An Interview with Lorna Evans

 Lorna Evans is an integrative Psychotherapist who works with a primary model of Transactional Analysis. Registered with UKCP & BACP, holding an MSc in Body Awareness & Psychotherapy.

She will deliver her CPD workshop on Saturday 18th May 2019

 

LornaPhotoShoot13What drew you to integrating your work as a therapist with the practise of yoga?

It was actually the other way around, as for the past twenty years I have been practising yoga.  Yoga helped me with my own mental health and maintaining being well, and I wanted to understand how this worked and what was the science behind yoga.

Also whilst teaching at yoga retreats around the world and attending classes, I witnessed many events that concerned me involving boundaries, unsafe practices and false medical claims about yoga.

It was important for me to be in a position of clinical knowing and credibility, so I could then educate clinicians and yoga teachers about the science of yoga  and  why yoga significantly improves mental health. Without my clinical training and the science to back-up my recommendations, yoga would not be credible in the medical world today.

Are there any books you would recommend for therapists wanting to learn more about yoga in their work?

I am sure most people are aware of Bessel Van Der Kolk’s research and his brilliant book, The Body Keeps The Score. David Emerson runs the yoga programme at Bessel Van der Kolks Trauma Centre and has written a book specifically for therapists wanting to safely incorporate yoga into the therapy room.

Trauma Sensitive Yoga in Therapy: Bringing the Body into Treatment

Trauma Sensitive Yoga is by far the safest yoga I have come across and I will be incorporating some of this work into the workshop in May.  Trauma Sensitive Yoga has foundations in Trauma Theory, Attachment Theory, Neuroscience and Hatha Yoga practice with an emphasis on mind body connection, movement and breathing and is a proven treatment for survivors of trauma and post traumatic stress disorder (PTSD) offering effective healing and symptom reduction. It is a clinically validated method of yoga developed and researched by Bessel van der Kolk at his Trauma Centre in the USA.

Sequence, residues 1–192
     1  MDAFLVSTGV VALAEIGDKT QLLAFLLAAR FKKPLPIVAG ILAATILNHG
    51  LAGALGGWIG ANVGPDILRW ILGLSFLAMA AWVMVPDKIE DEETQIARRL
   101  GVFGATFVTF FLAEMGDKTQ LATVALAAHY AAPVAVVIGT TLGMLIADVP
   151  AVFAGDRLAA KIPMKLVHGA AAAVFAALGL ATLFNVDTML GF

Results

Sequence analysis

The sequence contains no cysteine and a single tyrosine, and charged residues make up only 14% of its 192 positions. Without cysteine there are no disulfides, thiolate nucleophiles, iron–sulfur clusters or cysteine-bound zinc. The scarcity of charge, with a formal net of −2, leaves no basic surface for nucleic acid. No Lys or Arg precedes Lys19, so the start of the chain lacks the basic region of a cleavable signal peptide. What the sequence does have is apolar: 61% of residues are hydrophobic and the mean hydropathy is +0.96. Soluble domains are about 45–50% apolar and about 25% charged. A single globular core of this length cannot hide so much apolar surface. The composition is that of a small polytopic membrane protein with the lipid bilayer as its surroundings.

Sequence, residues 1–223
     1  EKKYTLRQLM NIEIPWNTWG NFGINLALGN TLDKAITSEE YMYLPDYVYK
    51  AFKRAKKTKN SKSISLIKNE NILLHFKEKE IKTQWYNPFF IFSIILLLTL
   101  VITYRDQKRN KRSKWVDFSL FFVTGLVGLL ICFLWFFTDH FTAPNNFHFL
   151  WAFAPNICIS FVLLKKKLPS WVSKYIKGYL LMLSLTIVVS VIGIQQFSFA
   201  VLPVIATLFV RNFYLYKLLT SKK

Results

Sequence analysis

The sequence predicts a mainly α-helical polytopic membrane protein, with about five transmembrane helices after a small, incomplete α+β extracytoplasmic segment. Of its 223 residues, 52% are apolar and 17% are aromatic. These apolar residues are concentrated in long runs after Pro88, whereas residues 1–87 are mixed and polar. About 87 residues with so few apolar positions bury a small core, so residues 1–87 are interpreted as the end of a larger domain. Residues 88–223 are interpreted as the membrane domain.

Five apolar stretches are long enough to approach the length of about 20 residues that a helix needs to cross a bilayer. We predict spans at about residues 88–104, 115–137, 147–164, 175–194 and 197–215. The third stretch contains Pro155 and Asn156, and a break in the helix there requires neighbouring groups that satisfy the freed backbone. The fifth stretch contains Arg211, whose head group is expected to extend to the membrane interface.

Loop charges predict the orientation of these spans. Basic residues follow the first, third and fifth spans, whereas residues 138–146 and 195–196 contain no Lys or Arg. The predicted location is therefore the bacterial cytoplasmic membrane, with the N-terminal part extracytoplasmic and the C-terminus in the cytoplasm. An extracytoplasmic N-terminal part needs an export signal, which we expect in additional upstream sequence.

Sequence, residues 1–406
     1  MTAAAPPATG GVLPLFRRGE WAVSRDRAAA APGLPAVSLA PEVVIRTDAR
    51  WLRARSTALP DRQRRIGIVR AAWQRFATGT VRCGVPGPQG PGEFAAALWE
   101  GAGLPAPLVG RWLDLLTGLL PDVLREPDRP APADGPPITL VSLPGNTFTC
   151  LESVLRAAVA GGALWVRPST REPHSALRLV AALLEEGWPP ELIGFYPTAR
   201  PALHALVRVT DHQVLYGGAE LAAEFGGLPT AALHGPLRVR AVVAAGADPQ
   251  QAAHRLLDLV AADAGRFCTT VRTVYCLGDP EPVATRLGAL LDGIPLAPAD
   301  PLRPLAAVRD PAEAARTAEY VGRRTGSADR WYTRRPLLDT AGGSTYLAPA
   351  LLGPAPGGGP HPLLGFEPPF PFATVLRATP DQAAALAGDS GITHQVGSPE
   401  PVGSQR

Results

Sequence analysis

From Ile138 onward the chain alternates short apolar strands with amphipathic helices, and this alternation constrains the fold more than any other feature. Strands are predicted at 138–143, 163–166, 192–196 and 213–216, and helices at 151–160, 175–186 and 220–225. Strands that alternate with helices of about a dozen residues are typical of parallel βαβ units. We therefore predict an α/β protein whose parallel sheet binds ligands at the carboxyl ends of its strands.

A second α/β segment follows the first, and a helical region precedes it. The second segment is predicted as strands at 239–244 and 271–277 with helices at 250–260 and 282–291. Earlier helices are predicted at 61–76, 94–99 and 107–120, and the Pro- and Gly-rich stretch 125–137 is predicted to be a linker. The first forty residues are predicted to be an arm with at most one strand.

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To understand the power of yoga, I must encourage people to not read books, but get on their yoga mat and feel in their own bodies, the nurturing power of yoga. 

In a recent workshop I was asked “Lorna, do you need to believe in this to do it?” after some time the answer was very clear to me, yes, yes you do. You have to have felt the power of yoga yourself to be able to congruently and safely integrate it into your clinical practice.

 

How do you feel yoga benefits clients coming to therapy?

Yoga provides a safe space where people can begin to reconnect with their bodies and over time learn to be present and begin to experience the effects of taking positive actions and making choices.

Yes, yoga can become part of a self-care routine, however, I have seen to most extraordinary results that have transformed a clients way of being, when they simply connected with their breath for the first time.  The power of these moments is why I continue to do this work.

The guiding principle of recovery is restoring a sense of power and control to the survivor”.                        Judith Herman

 

What are do you hope delegates booked onto your CPD with us will take away?

Therapists attending this workshop will take away the following knowledge and tools for their clinical practice…

  • A deeper understanding of the body and non verbal phenomena in the history of therapy
  • Understanding yoga as more than a physical practice and its benefits for positive mental health whilst exploring the Yogic and Eastern perspective on mind-body connections
  • The science of yoga from the Autonomic Nervous System to Neuroscience and Trauma. We will focus on Trauma Sensitive Yoga and the importance of safety when working with clients.
  • Awareness of our embodied relationship with our clients.
  • There will be many practical yoga breathing techniques and postures for depression and anxiety as well as accessible yoga resources for both clients and therapists eg,  reading list, audio and online practices

 

For more about Lorna’s work:click here

 


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